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Sunday, January 23, 2011

Excellent plan completed in 2005 could have reduced flooding in the Town Branch Neighborhood, but it was rejected by growth-oriented officials of the University of Arkansas and now school officials are expanding Fayetteville High School in a way that may make the problem worse

Please click on individual images to ENLARGE view of sample pages of the plan prepared at considerable expense by cooperating organizations. Several good plans were drawn but ignored.
The main reason for the downstream flooding is apparent in the photos below illustrating how much water rushes down the campus tributary of the Town Branch of the West Fork of the White River.
The solution is to remove parking lot 56 and use the absorbent soil that, before paving and construction, allowed runoff to soak into the ground where is fell.


The total-marsh concept was the one that could have made the most difference. But restoring a large former prairie to something like its previous watershed-protecting state wasn't on the UA plan.
 The UA provided much of the expertise that went into the planning process, but the UA athletic department destroyed the existing housing and built more athletic facilities and parking spaces in the area, preserving only a portion of the land for tailgating parties and protecting some absorbent soil but maintaining it as lawn rather than encouraging native wetland plants to help cleanse runoff and decrease runoff. Adjacent street and most surface runoff from the hills to the east, west and north continues to be piped directly into the Town Branch. Beaver Lake, Northwest Arkansas' main source of drinking water, is the final recipient of that unfiltered water.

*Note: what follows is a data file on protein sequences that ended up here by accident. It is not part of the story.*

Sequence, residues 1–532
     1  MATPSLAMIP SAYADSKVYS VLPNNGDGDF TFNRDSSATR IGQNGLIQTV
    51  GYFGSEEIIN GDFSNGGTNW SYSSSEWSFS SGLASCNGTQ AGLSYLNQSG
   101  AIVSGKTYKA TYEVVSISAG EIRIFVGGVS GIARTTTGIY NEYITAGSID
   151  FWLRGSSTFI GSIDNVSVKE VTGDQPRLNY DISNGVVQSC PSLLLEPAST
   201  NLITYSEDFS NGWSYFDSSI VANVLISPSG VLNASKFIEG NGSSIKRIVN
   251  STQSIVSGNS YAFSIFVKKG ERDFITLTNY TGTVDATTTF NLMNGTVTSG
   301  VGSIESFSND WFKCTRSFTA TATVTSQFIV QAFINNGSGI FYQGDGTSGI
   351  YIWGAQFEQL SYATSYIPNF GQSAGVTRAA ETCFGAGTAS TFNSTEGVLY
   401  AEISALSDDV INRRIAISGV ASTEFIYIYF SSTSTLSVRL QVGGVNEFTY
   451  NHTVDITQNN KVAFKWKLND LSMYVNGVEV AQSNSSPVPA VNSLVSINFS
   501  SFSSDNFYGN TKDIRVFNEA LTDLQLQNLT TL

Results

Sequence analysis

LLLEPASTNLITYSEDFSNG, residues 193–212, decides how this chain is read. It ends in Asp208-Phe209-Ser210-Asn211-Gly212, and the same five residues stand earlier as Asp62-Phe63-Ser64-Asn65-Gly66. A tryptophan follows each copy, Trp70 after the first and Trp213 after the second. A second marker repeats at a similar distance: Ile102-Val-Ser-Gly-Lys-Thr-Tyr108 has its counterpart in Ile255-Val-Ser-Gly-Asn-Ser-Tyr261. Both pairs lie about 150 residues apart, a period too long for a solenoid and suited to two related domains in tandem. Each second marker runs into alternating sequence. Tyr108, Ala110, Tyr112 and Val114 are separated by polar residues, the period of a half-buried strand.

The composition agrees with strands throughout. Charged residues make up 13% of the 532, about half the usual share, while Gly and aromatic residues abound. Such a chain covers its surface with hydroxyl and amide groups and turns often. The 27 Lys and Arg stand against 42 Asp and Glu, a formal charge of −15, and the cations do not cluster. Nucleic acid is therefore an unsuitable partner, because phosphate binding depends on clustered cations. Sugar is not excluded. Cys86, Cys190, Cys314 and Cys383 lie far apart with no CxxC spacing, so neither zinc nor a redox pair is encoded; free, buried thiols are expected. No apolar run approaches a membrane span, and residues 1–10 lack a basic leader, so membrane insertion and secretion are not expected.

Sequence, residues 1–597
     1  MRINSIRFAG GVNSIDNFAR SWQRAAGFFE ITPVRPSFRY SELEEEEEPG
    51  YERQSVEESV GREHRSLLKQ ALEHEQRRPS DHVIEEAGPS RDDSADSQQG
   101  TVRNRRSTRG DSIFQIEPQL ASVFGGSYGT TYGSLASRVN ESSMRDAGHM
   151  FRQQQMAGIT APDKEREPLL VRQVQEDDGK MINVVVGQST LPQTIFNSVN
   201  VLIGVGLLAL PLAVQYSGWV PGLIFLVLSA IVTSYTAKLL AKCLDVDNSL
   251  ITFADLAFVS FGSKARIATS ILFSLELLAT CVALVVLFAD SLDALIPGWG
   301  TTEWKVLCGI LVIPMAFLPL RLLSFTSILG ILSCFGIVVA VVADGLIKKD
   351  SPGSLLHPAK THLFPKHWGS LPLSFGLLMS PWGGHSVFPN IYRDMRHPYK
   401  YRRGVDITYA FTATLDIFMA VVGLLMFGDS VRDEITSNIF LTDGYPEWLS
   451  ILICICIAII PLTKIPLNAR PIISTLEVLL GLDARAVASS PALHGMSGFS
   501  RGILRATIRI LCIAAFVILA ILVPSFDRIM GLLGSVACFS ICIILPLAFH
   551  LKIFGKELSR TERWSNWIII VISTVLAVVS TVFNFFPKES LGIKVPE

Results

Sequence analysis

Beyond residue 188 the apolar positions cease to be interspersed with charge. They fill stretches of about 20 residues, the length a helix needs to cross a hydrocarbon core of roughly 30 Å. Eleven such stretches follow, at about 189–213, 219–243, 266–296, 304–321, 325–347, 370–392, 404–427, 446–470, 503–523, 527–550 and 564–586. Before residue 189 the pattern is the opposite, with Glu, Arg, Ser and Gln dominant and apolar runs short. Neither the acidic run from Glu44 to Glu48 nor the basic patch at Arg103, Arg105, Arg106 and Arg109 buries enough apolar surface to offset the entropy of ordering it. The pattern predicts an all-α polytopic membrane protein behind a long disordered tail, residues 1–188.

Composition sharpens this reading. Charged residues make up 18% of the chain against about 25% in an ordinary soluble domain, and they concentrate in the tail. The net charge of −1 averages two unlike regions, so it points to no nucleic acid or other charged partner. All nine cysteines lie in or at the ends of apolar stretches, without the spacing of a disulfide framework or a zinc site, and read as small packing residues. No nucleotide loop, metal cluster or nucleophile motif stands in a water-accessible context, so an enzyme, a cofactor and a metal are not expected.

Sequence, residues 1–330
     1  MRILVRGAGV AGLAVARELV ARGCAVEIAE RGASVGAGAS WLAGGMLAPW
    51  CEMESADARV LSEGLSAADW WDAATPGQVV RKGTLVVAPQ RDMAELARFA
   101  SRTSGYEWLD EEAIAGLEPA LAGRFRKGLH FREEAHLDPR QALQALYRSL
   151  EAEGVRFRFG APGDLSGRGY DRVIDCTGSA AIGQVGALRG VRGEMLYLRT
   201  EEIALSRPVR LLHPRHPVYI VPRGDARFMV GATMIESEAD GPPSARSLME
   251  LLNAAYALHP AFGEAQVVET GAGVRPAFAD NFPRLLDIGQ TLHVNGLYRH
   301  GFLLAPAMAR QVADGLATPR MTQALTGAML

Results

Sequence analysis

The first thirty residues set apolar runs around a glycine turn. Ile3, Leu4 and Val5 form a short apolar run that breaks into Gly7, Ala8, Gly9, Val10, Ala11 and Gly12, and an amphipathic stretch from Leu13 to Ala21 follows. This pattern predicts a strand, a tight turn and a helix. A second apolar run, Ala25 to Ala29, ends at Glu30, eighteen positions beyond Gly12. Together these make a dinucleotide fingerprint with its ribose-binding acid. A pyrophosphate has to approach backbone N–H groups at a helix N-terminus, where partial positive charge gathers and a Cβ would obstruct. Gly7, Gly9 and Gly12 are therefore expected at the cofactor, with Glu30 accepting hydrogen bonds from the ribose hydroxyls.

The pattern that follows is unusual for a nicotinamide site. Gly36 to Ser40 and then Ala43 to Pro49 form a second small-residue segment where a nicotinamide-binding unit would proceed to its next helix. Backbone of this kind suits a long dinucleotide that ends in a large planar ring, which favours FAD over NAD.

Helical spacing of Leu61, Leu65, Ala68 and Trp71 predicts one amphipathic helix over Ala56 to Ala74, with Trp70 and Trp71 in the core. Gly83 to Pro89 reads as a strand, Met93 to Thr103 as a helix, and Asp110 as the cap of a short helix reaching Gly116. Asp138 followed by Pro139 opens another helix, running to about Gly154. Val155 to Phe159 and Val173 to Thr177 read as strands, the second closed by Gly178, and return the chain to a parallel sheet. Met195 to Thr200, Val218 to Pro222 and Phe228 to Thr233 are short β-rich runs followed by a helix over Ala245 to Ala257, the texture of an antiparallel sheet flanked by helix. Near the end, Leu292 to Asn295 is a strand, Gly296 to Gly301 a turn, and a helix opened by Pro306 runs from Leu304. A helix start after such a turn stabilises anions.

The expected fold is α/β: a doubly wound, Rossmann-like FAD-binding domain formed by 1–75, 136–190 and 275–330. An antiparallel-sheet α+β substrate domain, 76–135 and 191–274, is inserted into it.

For a copy of the whole plan as a book or on a CD, contact the University of Arkansas' Community Design Center.

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